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"Genuine worship offered to the Father must correspond both to his nature and to the truth." Rev. Dr. Don L. Davis
We have so much good stuff for you today. Check out chapter 3 of A. W. Tozer's classic, The Knowledge of the Holy. Then check out Dr. Davis's message on John 4.19-24. After all of that, come back here and share your thoughts on these discussion questions. We can't wait to hear from you!
1) How did the Samaritan woman pose the question (John 4.19-21) regarding where Samaritans and Jews say we should worship?  How did Jesus answer her, and what are the implications of his answer on those who would argue where we worship is the central factor in approaching God?
2) How did Jesus contrast the Samaritan view versus the Jewish view of where we ought to worship (cf. vv. 22).  What did he promise, however, would happen in an hour that was coming (v. 23)? How do true worshipers worship God, and what does the Father desire from them?
3) Summarize the meaning of Jesus’ teaching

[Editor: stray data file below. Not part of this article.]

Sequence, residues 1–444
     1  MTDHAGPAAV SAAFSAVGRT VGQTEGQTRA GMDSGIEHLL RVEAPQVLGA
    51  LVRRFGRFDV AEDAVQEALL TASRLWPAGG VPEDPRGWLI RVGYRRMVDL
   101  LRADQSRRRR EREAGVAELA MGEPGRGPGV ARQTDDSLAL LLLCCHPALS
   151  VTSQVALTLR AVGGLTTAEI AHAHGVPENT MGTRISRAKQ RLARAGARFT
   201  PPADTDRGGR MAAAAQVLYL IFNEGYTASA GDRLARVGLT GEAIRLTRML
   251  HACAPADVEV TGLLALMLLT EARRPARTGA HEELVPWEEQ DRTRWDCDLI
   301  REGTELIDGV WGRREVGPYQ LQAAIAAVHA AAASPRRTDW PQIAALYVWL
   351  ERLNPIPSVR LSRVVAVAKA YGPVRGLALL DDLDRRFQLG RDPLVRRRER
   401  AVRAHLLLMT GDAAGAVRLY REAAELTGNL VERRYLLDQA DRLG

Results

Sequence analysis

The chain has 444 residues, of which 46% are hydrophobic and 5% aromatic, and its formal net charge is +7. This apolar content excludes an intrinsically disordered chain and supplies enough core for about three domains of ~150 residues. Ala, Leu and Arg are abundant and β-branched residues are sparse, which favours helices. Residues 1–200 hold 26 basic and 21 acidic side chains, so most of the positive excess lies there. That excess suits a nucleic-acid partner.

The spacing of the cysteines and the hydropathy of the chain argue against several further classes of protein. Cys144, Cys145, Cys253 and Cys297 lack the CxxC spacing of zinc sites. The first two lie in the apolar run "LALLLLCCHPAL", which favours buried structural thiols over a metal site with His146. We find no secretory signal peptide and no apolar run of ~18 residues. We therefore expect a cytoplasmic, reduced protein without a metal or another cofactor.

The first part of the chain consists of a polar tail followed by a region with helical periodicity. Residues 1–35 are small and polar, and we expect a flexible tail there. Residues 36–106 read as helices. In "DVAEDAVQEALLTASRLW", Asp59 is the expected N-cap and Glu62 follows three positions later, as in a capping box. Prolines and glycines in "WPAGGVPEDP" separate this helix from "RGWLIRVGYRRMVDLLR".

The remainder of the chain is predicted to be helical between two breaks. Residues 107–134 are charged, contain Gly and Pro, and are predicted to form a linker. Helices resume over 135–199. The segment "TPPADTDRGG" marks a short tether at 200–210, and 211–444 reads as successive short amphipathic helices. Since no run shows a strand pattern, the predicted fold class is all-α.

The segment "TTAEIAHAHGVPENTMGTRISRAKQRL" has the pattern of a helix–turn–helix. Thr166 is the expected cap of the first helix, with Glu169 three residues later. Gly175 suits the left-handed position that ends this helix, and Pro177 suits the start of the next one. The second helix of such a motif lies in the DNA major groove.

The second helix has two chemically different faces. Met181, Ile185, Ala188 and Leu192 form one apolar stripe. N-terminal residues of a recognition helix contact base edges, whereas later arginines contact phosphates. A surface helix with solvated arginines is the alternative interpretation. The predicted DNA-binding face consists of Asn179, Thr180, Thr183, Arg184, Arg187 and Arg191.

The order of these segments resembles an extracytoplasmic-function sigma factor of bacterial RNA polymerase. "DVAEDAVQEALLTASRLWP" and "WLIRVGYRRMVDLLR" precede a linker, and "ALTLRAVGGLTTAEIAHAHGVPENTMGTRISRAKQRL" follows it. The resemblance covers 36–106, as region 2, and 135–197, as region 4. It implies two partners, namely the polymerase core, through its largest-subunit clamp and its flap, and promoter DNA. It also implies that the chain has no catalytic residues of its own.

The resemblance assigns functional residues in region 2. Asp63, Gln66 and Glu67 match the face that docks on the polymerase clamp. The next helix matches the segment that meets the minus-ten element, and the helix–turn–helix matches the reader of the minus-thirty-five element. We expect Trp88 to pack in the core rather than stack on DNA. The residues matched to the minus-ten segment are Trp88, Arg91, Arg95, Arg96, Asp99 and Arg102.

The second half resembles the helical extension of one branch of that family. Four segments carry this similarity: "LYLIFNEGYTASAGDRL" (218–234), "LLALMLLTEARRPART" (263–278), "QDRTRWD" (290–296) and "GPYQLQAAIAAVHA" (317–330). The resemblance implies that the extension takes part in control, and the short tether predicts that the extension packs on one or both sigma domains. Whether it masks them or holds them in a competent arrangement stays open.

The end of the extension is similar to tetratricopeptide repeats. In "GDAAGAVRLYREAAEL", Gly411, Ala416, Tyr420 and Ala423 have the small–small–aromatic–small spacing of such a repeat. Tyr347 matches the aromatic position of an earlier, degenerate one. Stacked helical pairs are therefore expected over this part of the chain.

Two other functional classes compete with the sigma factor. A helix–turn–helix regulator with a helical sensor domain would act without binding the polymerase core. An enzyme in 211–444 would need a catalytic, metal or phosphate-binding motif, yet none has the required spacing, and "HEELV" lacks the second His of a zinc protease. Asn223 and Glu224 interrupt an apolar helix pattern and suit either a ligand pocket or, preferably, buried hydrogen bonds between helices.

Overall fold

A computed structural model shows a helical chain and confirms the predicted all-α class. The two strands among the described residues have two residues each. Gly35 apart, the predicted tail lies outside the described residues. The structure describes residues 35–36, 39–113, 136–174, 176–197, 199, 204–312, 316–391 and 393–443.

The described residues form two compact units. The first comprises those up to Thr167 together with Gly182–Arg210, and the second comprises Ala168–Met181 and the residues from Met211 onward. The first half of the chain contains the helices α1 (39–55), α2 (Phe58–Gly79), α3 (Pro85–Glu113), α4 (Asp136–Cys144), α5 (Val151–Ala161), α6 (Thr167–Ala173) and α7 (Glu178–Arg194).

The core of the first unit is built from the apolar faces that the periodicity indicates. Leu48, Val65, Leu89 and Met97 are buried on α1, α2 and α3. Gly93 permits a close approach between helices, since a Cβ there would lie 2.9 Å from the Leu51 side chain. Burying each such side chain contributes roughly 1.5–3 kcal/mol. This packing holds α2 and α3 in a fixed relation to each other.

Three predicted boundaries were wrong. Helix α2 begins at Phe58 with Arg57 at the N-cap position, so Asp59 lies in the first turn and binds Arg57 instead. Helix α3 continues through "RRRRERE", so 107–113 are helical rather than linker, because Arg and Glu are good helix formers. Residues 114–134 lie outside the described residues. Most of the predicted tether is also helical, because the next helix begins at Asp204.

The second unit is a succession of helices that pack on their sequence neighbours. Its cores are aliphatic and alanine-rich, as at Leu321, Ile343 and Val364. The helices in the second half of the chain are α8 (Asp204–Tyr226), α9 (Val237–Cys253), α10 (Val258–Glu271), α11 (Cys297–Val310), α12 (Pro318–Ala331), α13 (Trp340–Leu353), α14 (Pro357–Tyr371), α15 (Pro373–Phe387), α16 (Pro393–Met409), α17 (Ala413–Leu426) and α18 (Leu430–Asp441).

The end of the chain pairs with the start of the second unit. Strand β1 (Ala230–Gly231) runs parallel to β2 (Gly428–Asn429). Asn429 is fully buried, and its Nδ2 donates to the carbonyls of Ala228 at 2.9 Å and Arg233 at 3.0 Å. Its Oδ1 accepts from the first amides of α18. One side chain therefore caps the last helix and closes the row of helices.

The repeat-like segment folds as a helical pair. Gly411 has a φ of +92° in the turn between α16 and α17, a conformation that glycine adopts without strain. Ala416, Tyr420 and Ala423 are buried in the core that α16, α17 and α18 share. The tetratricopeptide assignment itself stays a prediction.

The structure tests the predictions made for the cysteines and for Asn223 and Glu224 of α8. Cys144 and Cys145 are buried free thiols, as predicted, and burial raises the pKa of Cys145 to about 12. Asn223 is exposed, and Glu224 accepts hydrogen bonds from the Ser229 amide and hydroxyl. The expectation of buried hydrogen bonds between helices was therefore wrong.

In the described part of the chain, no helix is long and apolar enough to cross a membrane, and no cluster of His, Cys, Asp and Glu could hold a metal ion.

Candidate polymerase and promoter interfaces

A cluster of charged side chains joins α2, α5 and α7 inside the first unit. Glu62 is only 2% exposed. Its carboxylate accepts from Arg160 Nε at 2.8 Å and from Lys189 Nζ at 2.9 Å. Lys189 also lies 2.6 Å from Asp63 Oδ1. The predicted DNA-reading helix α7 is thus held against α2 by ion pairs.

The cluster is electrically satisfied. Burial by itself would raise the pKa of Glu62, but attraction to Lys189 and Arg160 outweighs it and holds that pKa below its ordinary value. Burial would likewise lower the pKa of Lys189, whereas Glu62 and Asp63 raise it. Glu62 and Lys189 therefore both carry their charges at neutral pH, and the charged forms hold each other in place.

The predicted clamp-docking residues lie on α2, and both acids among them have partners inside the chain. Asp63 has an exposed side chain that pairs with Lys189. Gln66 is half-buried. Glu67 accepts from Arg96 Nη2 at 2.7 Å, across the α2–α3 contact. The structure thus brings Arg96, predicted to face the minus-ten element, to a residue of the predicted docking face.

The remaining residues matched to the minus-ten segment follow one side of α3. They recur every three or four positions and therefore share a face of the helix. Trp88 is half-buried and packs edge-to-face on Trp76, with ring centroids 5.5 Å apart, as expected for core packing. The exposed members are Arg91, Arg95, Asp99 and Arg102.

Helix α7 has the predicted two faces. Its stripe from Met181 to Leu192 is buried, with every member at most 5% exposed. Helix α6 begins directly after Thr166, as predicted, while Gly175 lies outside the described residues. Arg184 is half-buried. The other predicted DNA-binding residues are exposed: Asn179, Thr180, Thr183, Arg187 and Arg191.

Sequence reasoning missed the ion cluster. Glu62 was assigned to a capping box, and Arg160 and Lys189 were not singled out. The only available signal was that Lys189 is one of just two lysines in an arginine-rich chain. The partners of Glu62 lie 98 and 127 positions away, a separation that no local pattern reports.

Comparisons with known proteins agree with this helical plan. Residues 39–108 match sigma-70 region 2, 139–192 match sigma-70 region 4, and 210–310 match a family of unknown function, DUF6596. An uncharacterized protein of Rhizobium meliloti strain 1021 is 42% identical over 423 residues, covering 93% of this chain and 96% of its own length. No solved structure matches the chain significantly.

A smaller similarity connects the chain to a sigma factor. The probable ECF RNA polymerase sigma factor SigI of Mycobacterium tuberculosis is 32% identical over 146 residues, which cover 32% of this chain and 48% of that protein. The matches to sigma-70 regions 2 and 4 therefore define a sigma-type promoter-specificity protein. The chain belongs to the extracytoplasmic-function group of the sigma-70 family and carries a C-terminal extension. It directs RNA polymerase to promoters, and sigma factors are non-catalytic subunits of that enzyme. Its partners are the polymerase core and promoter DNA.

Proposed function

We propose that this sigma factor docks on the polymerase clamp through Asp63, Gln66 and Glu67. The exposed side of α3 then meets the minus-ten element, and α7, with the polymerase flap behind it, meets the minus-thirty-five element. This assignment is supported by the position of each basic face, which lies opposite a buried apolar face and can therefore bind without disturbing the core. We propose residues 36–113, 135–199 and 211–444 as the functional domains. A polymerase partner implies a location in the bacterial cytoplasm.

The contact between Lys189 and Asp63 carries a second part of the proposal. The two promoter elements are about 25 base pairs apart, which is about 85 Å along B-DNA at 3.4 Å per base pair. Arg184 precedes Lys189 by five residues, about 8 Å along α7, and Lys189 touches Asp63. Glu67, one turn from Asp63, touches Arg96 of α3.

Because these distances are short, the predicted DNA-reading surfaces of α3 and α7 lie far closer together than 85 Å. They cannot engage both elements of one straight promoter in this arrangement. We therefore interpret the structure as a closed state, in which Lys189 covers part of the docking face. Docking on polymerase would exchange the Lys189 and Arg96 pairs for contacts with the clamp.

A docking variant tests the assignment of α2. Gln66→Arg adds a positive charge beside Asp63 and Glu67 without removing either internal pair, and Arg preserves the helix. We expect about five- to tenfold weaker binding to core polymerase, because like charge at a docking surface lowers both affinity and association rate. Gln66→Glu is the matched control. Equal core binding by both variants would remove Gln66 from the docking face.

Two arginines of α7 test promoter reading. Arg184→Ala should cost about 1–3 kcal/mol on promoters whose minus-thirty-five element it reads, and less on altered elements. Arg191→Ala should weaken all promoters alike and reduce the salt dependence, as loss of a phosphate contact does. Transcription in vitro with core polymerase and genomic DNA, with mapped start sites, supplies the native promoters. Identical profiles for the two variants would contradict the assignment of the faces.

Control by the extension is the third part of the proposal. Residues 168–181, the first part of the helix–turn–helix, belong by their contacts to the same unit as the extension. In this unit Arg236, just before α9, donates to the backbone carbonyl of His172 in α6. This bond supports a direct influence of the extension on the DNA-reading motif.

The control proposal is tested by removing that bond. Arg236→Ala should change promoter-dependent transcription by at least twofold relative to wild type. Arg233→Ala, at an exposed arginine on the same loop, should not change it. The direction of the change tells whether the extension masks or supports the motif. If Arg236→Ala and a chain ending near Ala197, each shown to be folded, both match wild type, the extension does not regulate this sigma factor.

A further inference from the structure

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"This God, who makes the sun rise up every day, wants us to seek him and to know him." Rev. Dr. Don L. Davis
Don't just blow by this like it's another cute animal video. Watch the message, and then dig deeper with these questions, forged by the mind of Dr. Davis.
1) How does God reveal his immensity and splendor in Isaiah 40.12?  What has the Lord measured and marked off, and what does Isaiah say about what God has weighed? In contrast, who has measured the Spirit of the Lord, or shown him his counsel (v.13)?
2) What are the implications of knowing that no one has ever given counsel to the Lord, or "taught him the path of justice, and taught him knowledge, and showed him the way of understanding”, v. 14?  What does this suggest about our ability to comprehend him and his ways?
3) To what does God compare the nations relative to the Lord in Isaiah 40.15?  What is the sum total of the weight of the nations on the scales, i.e., how does God describe their significance?
4) Should
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The Missio Dei

"Don't be afraid. Don't allow the things that you see over the airwaves to break your confidence. Our God is a God of purpose, and he knows what he's doing." Rev. Dr. Don L. Davis
What is your role in this confusing world? Check out Dr. Davis's message, and then come back and share your thoughts on these discussion questions.